Monday, May 15, 2006

They hate us.

Two books published recently outline the deep and diverse roots of current anti-Americanism in the world:
Friendly Fire by Julia E. Sweig
America Against the World by Andrew Kohurt and Bruce Stokes

When I had been in the military and Peace Corps during the sixties, I experienced anti-Americanism first hand. While stationed with the Army in Germany, if I sat on a park bench shared with an elderly German, the German would immediately get up and move. And I was always dressed in civvies. In the Peace Corps in India, I was physically attacked for no apparent reason by a coolie on a Goan train station platform. Some Indian soldiers (Jawans) came to my aid.

In reflecting on both my Peace Corps and Army experiences, I think I might have been in more personal danger in the Peace Corps. When in the military, you are always stationed with other troops. You are rarely deployed alone and you have all sorts of support: medical, commissaries, EM and officers’ clubs, for examples. Peace Corps volunteers are alone with host nationals much of the time, and literally, could disappear off the face of the Earth if someone wanted to take them out. About one third of the time I was there, the PC main office in New Delhi had no idea where I was when traveling. And I was all over the subcontinent, including Srinigar, Kashmir where two Indians sat down suddenly at my table in a restaurant, put a gun in the middle, and asked how we were. There was another PC Volunteer with me. We said we were fine, had a conversation, and they eventually got up and left, with their gun.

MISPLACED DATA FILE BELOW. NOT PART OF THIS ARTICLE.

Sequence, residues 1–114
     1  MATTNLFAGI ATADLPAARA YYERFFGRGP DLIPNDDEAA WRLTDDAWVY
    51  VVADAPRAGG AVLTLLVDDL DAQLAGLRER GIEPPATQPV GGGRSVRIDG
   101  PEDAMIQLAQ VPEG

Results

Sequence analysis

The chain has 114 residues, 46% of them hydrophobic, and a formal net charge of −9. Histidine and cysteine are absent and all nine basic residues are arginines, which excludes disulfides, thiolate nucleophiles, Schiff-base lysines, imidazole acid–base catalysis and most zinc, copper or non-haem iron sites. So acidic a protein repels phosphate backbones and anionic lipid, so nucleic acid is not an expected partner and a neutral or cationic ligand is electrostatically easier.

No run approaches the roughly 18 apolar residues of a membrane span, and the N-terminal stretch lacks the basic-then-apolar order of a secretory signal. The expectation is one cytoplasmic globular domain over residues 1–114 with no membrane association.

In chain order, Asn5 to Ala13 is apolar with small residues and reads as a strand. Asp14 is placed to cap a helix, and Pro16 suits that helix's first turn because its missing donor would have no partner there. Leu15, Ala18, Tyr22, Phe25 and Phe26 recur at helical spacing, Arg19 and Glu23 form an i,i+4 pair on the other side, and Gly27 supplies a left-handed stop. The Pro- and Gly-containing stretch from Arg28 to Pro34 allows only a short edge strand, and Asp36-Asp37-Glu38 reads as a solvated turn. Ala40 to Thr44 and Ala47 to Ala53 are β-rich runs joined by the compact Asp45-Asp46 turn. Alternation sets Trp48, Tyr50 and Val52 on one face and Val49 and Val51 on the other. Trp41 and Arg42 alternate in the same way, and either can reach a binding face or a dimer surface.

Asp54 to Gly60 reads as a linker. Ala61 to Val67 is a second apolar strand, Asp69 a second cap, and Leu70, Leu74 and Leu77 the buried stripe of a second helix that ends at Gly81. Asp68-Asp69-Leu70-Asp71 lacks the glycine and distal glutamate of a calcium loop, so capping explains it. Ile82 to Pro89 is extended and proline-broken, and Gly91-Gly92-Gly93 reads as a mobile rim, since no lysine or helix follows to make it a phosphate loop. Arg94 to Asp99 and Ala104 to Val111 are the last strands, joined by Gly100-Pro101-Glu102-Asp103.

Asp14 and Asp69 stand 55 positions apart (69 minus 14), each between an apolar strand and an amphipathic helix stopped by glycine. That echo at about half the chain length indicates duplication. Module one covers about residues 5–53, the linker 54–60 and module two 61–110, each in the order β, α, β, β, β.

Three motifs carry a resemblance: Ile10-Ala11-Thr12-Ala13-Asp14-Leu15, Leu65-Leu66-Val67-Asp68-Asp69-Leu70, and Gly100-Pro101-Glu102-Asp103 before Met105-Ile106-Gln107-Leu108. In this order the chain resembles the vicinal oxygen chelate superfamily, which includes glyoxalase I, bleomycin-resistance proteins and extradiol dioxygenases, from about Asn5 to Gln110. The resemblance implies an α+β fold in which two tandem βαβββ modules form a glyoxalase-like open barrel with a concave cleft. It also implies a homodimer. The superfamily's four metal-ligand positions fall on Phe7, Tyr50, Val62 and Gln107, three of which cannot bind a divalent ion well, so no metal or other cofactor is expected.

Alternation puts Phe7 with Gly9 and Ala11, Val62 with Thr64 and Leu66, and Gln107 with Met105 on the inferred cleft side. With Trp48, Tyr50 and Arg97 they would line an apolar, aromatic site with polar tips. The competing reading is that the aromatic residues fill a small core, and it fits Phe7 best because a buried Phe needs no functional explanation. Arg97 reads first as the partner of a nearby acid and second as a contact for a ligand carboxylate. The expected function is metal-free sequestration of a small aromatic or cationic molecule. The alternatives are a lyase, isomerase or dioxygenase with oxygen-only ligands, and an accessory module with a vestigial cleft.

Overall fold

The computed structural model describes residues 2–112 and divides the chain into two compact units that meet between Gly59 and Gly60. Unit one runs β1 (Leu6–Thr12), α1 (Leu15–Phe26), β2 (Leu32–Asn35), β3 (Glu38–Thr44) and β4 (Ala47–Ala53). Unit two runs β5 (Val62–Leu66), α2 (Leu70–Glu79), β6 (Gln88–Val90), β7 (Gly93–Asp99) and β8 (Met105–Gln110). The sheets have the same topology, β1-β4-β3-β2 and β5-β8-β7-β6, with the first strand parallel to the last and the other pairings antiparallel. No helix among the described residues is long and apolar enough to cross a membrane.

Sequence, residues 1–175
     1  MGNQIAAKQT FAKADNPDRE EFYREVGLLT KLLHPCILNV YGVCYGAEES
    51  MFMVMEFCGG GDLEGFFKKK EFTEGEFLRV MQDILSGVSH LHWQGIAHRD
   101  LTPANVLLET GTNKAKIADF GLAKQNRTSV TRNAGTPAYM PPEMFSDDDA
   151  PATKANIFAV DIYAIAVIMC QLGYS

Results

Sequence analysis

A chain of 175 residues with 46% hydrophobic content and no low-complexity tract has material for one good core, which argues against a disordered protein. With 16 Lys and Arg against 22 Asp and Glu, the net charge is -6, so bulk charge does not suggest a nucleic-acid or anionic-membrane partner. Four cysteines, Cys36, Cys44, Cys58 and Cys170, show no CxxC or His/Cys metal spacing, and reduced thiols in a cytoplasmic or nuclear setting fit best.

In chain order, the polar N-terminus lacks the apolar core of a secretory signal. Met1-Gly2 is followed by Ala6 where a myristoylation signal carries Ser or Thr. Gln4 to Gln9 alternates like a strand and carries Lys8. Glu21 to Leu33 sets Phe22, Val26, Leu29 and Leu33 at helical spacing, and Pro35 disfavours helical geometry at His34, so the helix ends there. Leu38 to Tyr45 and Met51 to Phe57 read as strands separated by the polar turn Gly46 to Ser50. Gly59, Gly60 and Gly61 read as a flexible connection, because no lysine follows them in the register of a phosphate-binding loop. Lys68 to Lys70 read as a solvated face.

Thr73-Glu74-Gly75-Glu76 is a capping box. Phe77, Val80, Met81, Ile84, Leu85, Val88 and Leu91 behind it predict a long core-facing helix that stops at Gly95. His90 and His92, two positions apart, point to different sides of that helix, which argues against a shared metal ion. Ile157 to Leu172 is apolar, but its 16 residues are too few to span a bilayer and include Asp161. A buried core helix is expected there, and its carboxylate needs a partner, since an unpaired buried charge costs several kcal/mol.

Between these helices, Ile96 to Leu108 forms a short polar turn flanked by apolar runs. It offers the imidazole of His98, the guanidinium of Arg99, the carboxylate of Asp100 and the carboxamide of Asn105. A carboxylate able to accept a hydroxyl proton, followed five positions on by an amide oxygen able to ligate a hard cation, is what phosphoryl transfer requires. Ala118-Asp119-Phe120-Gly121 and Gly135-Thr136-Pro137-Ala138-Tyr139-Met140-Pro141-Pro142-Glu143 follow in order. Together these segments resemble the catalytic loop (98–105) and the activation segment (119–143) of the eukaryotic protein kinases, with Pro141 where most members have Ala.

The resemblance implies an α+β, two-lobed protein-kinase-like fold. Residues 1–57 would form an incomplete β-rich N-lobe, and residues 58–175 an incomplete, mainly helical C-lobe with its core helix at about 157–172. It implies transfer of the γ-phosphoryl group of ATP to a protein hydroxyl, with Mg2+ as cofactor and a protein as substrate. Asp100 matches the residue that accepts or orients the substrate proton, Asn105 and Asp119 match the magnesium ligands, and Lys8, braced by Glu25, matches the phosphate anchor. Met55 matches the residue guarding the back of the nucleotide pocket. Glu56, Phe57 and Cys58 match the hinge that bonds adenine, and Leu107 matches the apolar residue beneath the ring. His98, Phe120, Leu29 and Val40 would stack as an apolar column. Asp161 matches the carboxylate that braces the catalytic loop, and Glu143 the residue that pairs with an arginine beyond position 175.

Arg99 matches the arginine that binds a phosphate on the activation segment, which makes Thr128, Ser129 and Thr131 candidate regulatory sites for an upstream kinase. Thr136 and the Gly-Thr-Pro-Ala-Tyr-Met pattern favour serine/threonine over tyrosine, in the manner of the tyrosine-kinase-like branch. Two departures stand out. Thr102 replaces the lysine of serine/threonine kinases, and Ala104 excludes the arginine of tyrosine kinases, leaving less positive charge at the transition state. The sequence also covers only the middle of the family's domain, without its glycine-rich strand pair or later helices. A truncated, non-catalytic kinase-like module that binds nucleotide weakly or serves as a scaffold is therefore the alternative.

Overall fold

Why are America and Americans unpopular in today’s world? Well, we act like bullies, use more than our share of world resources such as oil, overthrow governments that don’t do our bidding, attack and occupy nations such as Iraq and push our weight around in international organizations as the only world superpower. It used to be that our government took all the heat. That heat has now been transferred to individual Americans, making it more dangerous for Americans traveling. And as we learned on September 11, 2001, making it more dangerous for Americans in America.—Walter Haan,


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